Grant helps UCCS start electric car technology classes

October 18, 2011 1:15 PM

The University of Colorado-Colorado Springs and the University of Colorado-Boulder plan to charge up their courses on electric cars, thanks to a $954,000 grant from the United States Department of Energy the schools jointly won earlier this month.

Using the grant, UCCS and CU-Boulder are developing new graduate-level classes on electric vehicle battery and drivetrain systems that will begin in fall 2012. The classes will develop into certificate, masters and Phd. programs. UCCS engineering professor Greg Plett will lead a team focused on battery controls, while CU-Boulder’s program focuses on drivetrain systems.

“This is where my passion is. (I’m) very, very interested in the research we’re doing in other projects in battery controls and excited to make that more available to students who can do research and apply it to real problems,” Plett said.

The courses will be Internet-based and Plett expects that the program will draw 30-40 students annually from across the country.

“The reason we’re offering a certificate program is there are a lot of very highly trained engineers in the older vehicle technologies who want to get up to speed on the new technologies,” Plett said.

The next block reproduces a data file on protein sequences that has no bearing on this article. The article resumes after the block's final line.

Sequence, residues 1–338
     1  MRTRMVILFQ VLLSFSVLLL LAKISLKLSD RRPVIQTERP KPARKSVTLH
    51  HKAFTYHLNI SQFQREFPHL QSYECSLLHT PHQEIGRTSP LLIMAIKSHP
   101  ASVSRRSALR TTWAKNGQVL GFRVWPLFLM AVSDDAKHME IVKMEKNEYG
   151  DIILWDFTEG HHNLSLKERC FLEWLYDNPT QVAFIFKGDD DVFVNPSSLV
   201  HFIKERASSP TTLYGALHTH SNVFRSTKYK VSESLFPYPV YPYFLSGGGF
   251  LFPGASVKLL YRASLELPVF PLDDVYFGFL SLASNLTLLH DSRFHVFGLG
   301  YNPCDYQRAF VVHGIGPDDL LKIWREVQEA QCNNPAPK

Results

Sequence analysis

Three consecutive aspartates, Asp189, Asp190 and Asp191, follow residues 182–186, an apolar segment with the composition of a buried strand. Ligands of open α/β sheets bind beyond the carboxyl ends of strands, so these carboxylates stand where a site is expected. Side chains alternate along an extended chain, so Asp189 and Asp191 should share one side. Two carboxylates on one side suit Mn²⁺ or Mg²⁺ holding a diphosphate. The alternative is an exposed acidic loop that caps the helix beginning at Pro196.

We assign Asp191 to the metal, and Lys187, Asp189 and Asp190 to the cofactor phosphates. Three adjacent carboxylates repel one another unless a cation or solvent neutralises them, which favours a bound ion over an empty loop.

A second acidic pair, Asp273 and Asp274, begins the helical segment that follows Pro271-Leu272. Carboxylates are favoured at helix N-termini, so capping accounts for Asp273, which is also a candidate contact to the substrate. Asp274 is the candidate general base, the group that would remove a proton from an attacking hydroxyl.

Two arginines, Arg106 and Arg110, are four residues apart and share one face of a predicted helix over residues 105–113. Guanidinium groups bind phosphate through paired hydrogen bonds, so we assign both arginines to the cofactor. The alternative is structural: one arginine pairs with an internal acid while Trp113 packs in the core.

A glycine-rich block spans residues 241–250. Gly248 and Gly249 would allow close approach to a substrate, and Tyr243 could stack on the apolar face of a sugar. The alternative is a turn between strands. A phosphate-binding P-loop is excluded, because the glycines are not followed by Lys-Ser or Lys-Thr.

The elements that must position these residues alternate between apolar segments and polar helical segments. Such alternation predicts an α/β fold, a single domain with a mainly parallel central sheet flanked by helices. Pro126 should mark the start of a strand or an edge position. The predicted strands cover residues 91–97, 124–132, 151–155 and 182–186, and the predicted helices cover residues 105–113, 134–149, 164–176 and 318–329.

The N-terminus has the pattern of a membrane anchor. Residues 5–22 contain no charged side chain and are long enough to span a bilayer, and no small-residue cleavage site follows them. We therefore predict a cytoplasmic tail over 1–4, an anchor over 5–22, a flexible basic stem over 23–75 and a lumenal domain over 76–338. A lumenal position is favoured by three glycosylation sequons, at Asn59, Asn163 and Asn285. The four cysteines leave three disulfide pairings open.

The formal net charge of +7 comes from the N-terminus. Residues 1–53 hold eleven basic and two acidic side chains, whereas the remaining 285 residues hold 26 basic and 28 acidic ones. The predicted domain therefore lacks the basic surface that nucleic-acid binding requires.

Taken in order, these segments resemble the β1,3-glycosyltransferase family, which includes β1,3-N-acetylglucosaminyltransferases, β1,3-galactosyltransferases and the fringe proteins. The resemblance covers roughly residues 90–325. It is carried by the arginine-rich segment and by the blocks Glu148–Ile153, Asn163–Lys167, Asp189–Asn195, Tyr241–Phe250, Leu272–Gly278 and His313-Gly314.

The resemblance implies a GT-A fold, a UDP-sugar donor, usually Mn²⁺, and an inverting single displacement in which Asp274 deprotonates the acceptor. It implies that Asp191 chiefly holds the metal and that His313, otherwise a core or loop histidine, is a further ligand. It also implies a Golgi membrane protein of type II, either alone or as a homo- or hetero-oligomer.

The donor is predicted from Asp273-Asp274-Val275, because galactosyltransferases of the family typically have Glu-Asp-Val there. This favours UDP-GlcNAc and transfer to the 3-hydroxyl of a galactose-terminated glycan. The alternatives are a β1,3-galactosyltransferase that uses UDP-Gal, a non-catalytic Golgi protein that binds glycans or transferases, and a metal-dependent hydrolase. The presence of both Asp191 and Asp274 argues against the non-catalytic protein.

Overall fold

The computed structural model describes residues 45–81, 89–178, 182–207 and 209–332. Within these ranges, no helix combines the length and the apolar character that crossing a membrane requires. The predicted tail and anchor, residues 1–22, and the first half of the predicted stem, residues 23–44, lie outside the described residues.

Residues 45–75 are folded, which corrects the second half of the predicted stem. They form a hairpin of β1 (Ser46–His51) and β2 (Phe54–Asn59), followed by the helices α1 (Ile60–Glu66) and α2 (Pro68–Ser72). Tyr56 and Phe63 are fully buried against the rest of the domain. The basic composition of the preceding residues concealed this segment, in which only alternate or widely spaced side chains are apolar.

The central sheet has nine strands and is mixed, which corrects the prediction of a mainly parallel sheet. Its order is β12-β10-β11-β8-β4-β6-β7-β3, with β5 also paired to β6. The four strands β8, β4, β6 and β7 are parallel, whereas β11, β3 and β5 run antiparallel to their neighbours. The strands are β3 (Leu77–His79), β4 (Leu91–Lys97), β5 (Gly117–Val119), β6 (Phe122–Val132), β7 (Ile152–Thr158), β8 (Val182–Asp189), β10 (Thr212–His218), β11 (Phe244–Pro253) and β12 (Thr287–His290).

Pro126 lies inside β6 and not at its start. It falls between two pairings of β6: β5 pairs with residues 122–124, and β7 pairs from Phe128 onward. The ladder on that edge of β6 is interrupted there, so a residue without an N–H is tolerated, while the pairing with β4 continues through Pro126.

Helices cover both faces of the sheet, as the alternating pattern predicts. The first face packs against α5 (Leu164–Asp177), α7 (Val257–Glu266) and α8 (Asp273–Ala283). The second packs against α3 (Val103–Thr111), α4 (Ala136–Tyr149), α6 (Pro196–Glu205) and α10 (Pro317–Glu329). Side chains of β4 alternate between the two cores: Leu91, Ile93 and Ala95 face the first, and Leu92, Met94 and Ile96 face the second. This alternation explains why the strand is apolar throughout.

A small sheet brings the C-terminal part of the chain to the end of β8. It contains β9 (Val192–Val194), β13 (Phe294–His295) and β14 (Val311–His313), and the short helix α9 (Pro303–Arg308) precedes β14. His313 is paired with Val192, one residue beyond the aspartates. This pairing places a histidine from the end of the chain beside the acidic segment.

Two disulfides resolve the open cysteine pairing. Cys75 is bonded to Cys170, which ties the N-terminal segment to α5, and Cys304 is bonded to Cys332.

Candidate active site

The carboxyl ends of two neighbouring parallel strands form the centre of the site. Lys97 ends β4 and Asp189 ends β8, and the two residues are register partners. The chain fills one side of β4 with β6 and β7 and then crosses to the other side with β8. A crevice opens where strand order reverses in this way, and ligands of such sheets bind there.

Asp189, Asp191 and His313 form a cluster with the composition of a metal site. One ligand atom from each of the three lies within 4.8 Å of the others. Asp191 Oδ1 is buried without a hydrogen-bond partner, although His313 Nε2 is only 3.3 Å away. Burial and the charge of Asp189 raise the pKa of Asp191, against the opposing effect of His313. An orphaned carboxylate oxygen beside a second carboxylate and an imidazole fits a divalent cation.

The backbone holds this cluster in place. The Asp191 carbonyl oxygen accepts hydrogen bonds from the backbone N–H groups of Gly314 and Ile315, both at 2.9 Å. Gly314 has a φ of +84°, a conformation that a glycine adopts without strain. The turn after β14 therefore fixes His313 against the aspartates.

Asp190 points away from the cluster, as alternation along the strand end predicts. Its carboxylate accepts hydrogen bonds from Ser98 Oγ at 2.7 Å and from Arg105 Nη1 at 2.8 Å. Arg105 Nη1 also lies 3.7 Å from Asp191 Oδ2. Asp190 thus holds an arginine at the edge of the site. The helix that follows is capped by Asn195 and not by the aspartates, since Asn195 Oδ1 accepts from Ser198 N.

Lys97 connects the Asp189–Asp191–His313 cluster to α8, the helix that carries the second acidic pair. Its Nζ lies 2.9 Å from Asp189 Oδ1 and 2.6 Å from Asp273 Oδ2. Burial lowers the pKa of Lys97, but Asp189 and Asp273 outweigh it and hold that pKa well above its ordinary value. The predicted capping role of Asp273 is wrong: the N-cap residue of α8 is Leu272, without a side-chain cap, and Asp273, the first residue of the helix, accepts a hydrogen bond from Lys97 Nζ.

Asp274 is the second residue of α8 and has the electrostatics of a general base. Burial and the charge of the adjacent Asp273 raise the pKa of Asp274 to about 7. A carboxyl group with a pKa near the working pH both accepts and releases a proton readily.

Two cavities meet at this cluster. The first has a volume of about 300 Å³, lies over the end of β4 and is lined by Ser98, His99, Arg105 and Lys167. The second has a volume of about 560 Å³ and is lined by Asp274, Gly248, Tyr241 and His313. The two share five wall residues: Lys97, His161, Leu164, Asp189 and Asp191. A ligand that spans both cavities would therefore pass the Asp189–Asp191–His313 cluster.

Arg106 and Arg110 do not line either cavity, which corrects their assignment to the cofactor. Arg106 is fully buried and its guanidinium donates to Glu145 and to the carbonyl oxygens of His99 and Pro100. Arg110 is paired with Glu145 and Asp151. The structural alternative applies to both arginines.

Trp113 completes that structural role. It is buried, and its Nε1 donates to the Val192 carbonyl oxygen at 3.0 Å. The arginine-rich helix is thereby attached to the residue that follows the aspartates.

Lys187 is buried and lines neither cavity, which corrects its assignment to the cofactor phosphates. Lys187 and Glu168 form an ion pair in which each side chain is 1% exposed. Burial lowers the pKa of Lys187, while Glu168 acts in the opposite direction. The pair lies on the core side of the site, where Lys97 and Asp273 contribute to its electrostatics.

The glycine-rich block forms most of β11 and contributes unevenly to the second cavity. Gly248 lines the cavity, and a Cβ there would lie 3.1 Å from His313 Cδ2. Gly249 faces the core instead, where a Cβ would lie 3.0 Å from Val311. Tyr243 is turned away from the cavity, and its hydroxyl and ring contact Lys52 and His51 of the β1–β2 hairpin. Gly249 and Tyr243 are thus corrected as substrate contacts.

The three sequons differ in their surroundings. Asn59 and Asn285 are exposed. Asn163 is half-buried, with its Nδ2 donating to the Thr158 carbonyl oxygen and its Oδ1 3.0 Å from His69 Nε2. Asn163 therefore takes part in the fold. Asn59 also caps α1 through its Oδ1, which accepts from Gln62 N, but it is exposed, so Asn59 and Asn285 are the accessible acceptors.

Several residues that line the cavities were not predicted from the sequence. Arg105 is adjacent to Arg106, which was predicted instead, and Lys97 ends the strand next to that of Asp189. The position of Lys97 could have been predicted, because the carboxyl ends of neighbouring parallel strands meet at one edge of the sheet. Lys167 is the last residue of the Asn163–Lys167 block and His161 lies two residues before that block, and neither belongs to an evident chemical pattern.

The grant is through the DOE’s Graduate Automotive Technology Education Center of Excellence in Innovative Drivetrains in Electric Automotive Technology Education. Plett expects the program will become self-sustaining after the grant runs out.

Plett said he and his colleagues are working closely with an industry advisory panel made up of Colorado companies to ensure that the program develops technologies with real-world applications.

“We have quite a surprisingly rich blend in this state” of electric vehicle technology companies, he said.

With vehicles such as the Toyota Prius, Chevrolet Volt and Nissan Leaf bringing electric drivetrains to the mainstream, Plett said interest in electric vehicles is surging. However, he added, electric cars aren’t simply about fuel economy.

“(Electric cars) have more torque at lower RPM’s,” Plett said. “It’s a lot more fun to drive an electric drivetrain vehicle.”

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